Presidents most trusted aide dedicated gracious White House send-off, but exit highlights continued uncertainty in Trumps inner circle
With a handshake and a presidential kiss on the cheek, Hope Hicks bid farewell to the White House, the press-shy communications director taking a rare moment in the spotlight on her final day in Donald Trump’s administration.
The exit of the president’s most trusted aide, coming one day after yet another cabinet departure, highlightings continuing uncertainty among Trump aides and White House staff about who might be the next to go.
Hicks departed the administration on her own terms and was given a gracious goodbye by Trump outside the Oval Office in view of reporters. That stands in stark contrast to the White House treatment of David Shulkin, the veterans affairs secretary who was fired amid ethics questions and replaced by a White House physician who has no experience operating a bureaucracy or working with veterans.
As Trump friends defended the choice of Ronny Jackson, scrutiny quickly shifted to a number of other cabinet members facing ethics questions and with strained its relation with the president, as well as a White House chief of staff who has received his influence lessened. Trump aides and outside advisers suggested that other changes weren’t imminent, but no one could tell how long that would last.
” I’ll have to get back to you on that ,” told deputy press secretary Lindsay Walters when asked on Us air force One if Trump now had his ideal cabinet.
White House officials are apprehensive about Hicks’ deviation, dedicated her unrivaled position in the president’s orbit. Despite her title as communications director, Hicks was more accurately described by White House officials as Trump’s right-hand woman and media gatekeeper, providing required dosages of affirmation to the president and able to deliver bad news to him with few repercussions.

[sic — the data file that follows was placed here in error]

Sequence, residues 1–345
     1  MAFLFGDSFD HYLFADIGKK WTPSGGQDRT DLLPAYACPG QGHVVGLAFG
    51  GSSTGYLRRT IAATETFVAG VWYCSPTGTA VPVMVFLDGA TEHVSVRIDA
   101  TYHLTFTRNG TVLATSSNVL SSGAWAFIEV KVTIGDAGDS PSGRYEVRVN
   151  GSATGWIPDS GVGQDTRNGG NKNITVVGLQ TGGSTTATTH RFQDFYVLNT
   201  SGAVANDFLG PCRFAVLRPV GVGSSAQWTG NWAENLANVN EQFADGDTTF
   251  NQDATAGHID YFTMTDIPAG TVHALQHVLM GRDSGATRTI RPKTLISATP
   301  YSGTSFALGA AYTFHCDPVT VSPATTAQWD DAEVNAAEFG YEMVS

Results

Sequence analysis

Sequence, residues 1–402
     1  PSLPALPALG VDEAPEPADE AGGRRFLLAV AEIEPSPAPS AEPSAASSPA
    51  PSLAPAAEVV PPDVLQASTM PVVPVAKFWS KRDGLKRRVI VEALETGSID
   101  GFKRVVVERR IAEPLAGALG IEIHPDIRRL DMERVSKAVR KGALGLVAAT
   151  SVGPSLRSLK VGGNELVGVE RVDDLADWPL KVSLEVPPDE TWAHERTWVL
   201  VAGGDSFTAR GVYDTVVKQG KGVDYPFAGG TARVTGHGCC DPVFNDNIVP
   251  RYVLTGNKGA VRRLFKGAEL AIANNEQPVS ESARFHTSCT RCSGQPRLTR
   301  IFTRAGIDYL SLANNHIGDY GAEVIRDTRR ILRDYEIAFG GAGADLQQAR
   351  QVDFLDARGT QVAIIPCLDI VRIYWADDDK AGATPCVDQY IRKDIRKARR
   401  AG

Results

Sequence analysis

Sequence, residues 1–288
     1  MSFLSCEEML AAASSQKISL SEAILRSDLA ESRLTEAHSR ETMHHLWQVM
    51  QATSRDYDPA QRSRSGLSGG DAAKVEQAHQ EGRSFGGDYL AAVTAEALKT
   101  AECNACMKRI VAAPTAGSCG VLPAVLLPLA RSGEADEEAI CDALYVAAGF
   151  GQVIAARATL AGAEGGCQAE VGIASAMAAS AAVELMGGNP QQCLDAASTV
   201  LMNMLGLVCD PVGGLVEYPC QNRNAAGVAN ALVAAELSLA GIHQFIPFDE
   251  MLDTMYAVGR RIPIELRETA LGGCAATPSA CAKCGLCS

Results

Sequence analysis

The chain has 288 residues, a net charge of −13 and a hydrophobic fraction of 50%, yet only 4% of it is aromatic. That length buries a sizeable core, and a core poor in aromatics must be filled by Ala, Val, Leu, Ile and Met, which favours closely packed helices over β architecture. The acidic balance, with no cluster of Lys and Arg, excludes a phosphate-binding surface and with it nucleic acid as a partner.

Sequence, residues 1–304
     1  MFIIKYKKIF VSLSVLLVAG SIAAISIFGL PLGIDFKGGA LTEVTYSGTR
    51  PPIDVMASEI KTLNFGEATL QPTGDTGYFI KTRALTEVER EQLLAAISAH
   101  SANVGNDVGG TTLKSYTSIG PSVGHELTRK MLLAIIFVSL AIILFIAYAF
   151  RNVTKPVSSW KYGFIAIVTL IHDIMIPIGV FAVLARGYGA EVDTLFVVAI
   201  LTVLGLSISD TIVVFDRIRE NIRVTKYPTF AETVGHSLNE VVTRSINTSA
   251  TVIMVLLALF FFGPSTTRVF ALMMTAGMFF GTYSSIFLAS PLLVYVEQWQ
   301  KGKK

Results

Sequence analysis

The internal jockeying to replace her- if Trump even chooses to do so- has featured backstabbing and planted news stories that, in turn, bash the leading nominees: Mercedes Schlapp, the White House strategic communications director, and Tony Sayegh, deputy secretary for public affairs at the treasury department.
Many close to the White House, however, expect senior adviser Kellyanne Conway or press secretary Sarah Sanders to assume the role, at least temporarily. Sanders has grown close to the president since taking over the press secretary’s job after the resignation of Sean Spicer last summertime, and has been expending more time in the Oval Office lately.
Trump, never disciplined, has taken to freelancing more of late, as he moves to surround himself with aides less likely to try to rein him in. A speech outside Cleveland on Thursday meant to be about infrastructure instead felt like a campaign rally. And he has violated free of more of the restraints placed upon him by joint chiefs of staff John Kelly.
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